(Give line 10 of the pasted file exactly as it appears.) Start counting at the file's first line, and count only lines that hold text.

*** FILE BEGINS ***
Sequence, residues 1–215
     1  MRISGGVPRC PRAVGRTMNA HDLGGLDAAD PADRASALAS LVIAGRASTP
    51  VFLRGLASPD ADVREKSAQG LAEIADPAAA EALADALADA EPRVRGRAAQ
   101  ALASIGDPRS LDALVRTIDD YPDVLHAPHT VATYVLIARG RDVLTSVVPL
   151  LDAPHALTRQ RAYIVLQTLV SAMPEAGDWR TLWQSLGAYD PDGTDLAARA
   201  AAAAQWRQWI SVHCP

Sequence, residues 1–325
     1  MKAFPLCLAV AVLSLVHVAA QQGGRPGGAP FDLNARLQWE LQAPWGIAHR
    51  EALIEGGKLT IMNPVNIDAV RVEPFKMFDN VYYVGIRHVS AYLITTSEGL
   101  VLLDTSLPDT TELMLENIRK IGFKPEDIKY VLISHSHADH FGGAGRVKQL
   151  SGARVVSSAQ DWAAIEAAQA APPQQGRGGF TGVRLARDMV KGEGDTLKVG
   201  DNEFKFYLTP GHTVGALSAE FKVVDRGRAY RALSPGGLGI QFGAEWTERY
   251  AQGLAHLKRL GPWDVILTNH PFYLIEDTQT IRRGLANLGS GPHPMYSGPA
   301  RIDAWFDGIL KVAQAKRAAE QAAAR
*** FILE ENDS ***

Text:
   101  VLLDTSLPDT TELMLENIRK IGFKPEDIKY VLISHSHADH FGGAGRVKQL